They have made the point that this is about indexing a measure that has never been indexed before, but what they proceeded to do in their first piece of legislation on this measure was not to index the threshold for single income earners but to double it. Their rhetoric stated that it was a tax relief measure. They said: ‘This is what the previous government did wrong—they did not index it. Therefore we are now proposing to do what the previous government did not do.’ But, instead of indexing it, they doubled it.

Of course, Senator Xenophon is quite right to say that what the government has done in its original legislation and what it is still doing in this legislation is not indexing the measure. During the Senate inquiry I actually asked a whole series of questions of every single witness that came before us. I asked them what they thought about the proposition to index the Medicare levy surcharge thresholds rather than to double them. I asked that question of health funds, of health economists and of every witness that came before the committee. What has the government done? Even though we have given speech after speech opposing this fundamentally flawed public policy measure and even though we have written a very comprehensive dissenting report, the minister thought that she should use one of the questions I asked one of the witnesses on whether indexing it would be more appropriate than doubling it and presenting it as a statement of position. I asked the question—which, incidentally, the witness answered, ‘No, it would not be appropriate to increase the Medicare levy surcharge thresholds to $75,000’—and she is using and presenting it very misleadingly and dishonestly as a statement of position. It is typical Hollow Men stuff and the people in her office should hang their heads in shame. No doubt they got their inspiration from there.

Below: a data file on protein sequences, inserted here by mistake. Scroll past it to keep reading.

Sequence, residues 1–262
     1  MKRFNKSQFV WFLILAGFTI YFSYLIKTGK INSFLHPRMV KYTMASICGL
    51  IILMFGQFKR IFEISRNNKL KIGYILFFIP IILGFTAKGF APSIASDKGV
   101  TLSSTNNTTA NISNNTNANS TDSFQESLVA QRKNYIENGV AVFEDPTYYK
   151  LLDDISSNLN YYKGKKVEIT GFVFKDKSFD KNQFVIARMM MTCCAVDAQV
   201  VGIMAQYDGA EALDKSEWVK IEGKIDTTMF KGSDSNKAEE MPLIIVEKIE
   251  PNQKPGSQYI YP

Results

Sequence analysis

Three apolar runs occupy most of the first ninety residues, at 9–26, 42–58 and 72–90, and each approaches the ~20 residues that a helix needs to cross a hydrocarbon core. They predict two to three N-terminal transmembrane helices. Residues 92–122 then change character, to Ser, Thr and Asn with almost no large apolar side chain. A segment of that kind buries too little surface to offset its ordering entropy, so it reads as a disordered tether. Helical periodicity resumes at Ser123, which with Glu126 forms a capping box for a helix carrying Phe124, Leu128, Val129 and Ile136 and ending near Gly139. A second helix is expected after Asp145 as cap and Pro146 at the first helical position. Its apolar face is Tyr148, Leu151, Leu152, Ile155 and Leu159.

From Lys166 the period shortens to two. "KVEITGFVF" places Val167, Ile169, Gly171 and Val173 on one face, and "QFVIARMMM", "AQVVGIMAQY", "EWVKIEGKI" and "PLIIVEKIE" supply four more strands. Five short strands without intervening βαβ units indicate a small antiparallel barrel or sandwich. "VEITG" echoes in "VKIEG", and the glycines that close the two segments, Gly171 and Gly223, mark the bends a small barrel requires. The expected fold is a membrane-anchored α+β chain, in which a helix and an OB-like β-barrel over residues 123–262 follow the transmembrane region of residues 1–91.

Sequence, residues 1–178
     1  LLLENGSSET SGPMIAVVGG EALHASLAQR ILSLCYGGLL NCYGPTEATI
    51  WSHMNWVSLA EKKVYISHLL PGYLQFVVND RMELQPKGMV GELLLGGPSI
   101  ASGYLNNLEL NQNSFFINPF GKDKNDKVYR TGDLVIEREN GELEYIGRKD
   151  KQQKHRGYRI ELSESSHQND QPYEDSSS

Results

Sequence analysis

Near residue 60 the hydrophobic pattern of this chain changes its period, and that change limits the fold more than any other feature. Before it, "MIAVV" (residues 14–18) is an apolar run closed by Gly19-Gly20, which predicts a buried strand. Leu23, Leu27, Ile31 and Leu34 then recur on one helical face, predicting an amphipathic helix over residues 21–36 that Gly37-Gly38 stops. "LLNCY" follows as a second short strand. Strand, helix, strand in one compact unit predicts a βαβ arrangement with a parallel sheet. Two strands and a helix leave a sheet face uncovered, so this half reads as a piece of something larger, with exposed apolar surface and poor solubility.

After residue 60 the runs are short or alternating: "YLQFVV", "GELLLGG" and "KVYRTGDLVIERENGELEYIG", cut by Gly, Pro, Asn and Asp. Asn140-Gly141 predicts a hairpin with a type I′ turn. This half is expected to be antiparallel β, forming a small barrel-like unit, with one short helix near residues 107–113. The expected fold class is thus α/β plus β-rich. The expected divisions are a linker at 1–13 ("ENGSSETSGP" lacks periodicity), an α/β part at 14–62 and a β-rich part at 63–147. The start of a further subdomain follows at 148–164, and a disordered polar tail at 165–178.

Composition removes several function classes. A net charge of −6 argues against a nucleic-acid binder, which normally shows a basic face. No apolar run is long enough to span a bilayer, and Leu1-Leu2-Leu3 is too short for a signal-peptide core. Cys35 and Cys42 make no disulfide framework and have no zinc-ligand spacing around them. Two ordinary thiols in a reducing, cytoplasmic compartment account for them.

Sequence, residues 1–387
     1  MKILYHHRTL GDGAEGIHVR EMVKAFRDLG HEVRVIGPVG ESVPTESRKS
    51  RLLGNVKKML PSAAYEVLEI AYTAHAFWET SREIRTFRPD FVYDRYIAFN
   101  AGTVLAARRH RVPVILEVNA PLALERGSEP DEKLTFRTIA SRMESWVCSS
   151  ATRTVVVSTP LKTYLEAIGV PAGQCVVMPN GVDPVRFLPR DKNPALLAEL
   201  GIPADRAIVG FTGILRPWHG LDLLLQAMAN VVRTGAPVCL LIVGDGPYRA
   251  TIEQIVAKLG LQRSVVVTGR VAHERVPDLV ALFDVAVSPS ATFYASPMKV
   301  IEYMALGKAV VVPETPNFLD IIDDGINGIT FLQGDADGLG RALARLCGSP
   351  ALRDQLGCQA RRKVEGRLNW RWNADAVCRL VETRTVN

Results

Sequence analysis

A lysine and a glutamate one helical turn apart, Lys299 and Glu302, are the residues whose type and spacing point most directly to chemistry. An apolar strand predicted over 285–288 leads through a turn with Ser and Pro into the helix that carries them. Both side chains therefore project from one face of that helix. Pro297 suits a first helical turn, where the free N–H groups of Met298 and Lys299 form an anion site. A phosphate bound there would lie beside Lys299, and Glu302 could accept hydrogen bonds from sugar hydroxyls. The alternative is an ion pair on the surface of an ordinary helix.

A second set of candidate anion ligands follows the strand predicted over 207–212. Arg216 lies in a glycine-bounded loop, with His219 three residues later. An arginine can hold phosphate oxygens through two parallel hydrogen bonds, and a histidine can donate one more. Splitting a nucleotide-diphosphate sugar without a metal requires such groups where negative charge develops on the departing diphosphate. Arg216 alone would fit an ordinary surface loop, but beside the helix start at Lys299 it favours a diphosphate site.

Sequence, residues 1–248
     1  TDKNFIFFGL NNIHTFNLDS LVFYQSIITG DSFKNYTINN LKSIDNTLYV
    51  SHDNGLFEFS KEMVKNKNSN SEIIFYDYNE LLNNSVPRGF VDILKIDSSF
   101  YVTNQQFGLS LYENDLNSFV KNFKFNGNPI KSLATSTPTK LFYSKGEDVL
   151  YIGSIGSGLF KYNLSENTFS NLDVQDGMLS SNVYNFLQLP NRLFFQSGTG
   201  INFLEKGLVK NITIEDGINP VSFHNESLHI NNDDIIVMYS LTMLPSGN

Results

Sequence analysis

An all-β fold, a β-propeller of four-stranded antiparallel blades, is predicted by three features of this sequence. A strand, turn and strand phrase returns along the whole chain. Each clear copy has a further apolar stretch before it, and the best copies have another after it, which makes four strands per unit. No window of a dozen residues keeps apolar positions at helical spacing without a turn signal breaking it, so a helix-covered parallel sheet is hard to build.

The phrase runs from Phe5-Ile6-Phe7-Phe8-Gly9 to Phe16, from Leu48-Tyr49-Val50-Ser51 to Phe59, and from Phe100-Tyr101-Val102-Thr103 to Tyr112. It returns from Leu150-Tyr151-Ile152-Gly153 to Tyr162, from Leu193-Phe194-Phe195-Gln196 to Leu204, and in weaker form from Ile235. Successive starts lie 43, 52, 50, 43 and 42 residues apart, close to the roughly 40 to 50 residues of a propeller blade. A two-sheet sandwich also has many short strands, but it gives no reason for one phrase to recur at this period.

The reason the opposition cannot support Senator Xenophon’s well-intentioned amendment is that he is proposing to index thresholds for singles, couples and families based on thresholds introduced in 1997 which were introduced at a level that was too high to be immediately effective. It was introduced as a new measure as part of a package of three policy measures that was aimed at turning the ship around and at fixing the problems that Labor had left us. It was aimed at fixing the problems that Senator Graham Richardson had very eloquently identified two or three years earlier before he was shot down by the ACTU caucus working party at the instigation of then Prime Minister Paul Keating.